In case you haven't heard, this week is National FFA week. In case you haven't also heard, FFA is an organization that was started as the "Future Farmers of America" and has evolved from a bunch of ag boys to a tremendous opportunity for all high school students across the country to not only learn more about agriculture, but also demonstrate their knowledge through speaking competitions, judging teams, and both state and national conventions.
I'm married to a former Section FFA President and FFA sponsor, and was raised by a former FFA sponsor. However, I never participated because, as a little girl, when we attended an event where FFA officers were present, I told my dad that I would only participate if the jackets were pink, not blue.
And we wonder why my middle daughter changes her mind in the middle of the night and changes her pajamas, just because the Ariel ones seemed a little more stylish.
Anyway, it's not only FFA week, a week where the FFA students participate in various fun activities during school time, but it's also the week that my former high school and its section hosts their public speaking competition. Being a woman who not only taught English, but talks a lot, I was called upon (well, only after my mom called me in) to help judge one of the groups of public speakers. I was to judge those who were speaking in the "extemporaneous" division, meaning "off the cuff," kind of. The kids would have to draw from a pool of various topics in agriculture today, take 20 minutes, and use what they already know as well as resources that they had brought to come up with a 3-5 minute speech.
I knew this part. I knew I could listen and figure out who had good presence, knowledge of the topic, as well as basic public speaking skills.
Piece of cake.
Plus, I got to leave the kids with Grandma, get dressed up, and go to my former high school, feeling all old and "good ole days-ish."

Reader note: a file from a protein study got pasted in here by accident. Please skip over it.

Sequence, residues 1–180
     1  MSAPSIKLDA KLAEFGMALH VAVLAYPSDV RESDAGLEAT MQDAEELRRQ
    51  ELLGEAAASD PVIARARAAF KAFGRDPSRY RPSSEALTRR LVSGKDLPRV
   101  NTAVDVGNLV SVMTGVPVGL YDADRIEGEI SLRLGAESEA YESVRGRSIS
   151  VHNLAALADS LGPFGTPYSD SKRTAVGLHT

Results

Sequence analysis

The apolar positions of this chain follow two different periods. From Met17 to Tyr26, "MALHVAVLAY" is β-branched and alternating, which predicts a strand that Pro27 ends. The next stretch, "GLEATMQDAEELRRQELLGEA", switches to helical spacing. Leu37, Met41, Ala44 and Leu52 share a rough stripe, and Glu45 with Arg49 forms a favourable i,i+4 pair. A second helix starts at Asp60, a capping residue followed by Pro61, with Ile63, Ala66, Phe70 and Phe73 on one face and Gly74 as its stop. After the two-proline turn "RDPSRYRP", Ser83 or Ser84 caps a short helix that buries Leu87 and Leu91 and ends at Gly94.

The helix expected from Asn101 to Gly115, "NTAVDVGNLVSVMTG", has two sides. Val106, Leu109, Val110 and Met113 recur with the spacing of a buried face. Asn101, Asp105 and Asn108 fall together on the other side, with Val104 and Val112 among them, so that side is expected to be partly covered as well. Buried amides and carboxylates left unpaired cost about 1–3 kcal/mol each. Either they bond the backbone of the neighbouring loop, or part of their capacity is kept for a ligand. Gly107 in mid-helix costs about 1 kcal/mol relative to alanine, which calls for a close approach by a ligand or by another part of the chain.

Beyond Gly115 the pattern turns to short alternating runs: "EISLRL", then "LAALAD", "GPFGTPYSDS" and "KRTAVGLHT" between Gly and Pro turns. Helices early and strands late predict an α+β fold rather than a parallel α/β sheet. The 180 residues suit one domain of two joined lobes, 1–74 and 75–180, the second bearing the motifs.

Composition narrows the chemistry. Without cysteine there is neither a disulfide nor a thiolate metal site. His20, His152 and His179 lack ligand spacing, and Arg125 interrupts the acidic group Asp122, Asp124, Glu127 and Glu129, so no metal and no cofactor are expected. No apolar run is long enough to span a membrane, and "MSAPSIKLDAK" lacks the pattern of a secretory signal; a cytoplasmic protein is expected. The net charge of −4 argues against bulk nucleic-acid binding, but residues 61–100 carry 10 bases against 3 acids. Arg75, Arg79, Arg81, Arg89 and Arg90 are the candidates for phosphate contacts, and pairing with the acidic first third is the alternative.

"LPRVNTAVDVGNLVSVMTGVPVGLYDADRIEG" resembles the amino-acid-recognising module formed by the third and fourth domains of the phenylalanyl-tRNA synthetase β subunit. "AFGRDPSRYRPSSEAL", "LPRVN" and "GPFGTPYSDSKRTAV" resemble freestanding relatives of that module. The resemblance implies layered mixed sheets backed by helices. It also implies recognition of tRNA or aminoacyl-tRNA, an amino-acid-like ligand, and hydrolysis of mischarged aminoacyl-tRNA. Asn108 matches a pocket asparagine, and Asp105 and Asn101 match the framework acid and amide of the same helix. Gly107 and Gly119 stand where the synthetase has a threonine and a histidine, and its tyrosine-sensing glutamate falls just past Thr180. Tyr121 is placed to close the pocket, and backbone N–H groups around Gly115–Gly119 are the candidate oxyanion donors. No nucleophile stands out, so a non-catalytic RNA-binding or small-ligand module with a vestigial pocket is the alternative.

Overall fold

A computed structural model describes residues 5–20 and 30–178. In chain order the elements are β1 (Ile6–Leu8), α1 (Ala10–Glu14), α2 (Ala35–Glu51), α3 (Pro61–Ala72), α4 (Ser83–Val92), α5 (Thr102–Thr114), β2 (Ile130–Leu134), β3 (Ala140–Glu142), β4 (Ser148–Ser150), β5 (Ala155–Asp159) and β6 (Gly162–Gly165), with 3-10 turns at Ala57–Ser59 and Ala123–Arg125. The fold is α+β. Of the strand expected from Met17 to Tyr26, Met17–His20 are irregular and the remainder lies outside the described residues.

However, the part that I didn't know was that once the students finished their little ditty, I, along with my two other judges, would have to ask questions about each student's topic.
When our "head judge" said that I could go first with my questions, I nearly fainted. As I listened to the first speaker, I jotted down a few notes about what I thought would be somewhat intelligent questions, but realized quickly, I had NO IDEA what to ask her.
What I really wanted to ask was, "Why does FFA require you to wear a navy blue jacket with black pants or skirt? Doesn't National FFA watch What Not to Wear? Don't they know the simple laws of fashion state that navy blue and black do NOT match?"
Anyway, I tried my best, but my questions sounded more like Suzy Homemaker and not Sally Farmer. I have a long way to go in my knowledge of agriculture, this I know, but in situations like this, my confidence in knowing what is going on outside my front door is down the drain. These kids knew their stuff. Some more than others, but they only had 20 minutes to prepare, and I LIVE ON A FARM, WITH A FARMER! I'm a card-carrying member of the Farm Bureau. This blog is about agriculture!!!!
Even though tonight really highlighted my lack of knowledge in the universal identification of livestock as well as cloning, biofuels, and farming for pharmaceutical use, I truly hope they ask me again next year to help. I hope my questions will be more intelligent sounding.
Here's hoping I can learn something in a year.